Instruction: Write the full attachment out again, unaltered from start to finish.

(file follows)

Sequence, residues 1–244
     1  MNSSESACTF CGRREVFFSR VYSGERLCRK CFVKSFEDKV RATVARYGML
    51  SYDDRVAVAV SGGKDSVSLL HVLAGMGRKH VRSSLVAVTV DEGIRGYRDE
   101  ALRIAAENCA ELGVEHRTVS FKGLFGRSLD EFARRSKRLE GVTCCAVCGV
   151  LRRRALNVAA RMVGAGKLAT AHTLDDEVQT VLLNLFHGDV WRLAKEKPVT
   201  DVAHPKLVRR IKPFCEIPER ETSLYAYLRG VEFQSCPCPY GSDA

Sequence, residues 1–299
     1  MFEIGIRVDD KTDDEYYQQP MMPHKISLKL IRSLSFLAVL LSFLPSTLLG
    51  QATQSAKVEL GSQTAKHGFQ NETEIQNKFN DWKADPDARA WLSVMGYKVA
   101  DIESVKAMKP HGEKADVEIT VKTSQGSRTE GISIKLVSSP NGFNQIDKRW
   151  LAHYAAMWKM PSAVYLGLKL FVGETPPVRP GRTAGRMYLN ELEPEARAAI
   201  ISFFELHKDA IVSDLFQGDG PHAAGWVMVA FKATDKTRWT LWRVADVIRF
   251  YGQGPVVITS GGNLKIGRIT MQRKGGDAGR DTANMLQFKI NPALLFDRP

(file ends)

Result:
Sequence, residues 1–244
     1  MNSSESACTF CGRREVFFSR VYSGERLCRK CFVKSFEDKV RATVARYGML
    51  SYDDRVAVAV SGGKDSVSLL HVLAGMGRKH VRSSLVAVTV DEGIRGYRDE
   101  ALRIAAENCA ELGVEHRTVS FKGLFGRSLD EFARRSKRLE GVTCCAVCGV
   151  LRRRALNVAA RMVGAGKLAT AHTLDDEVQT VLLNLFHGDV WRLAKEKPVT
   201  DVAHPKLVRR IKPFCEIPER ETSLYAYLRG VEFQSCPCPY GSDA

Sequence, residues 1–299
     1  MFEIGIRVDD KTDDEYYQQP MMPHKISLKL IRSLSFLAVL LSFLPSTLLG
    51  QATQSAKVEL GSQTAKHGFQ NETEIQNKFN DWKADPDARA WLSVMGYKVA
   101  DIESVKAMKP HGEKADVEIT VKTSQGSRTE GISIKLVSSP NGFNQIDKRW
   151  LAHYAAMWKM PSAVYLGLKL FVGETPPVRP GRTAGRMYLN ELEPEARAAI
   201  ISFFELHKDA IVSDLFQGDG PHAAGWVMVA FKATDKTRWT LWRVADVIRF
   251  YGQGPVVITS GGNLKIGRIT MQRKGGDAGR DTANMLQFKI NPALLFDRP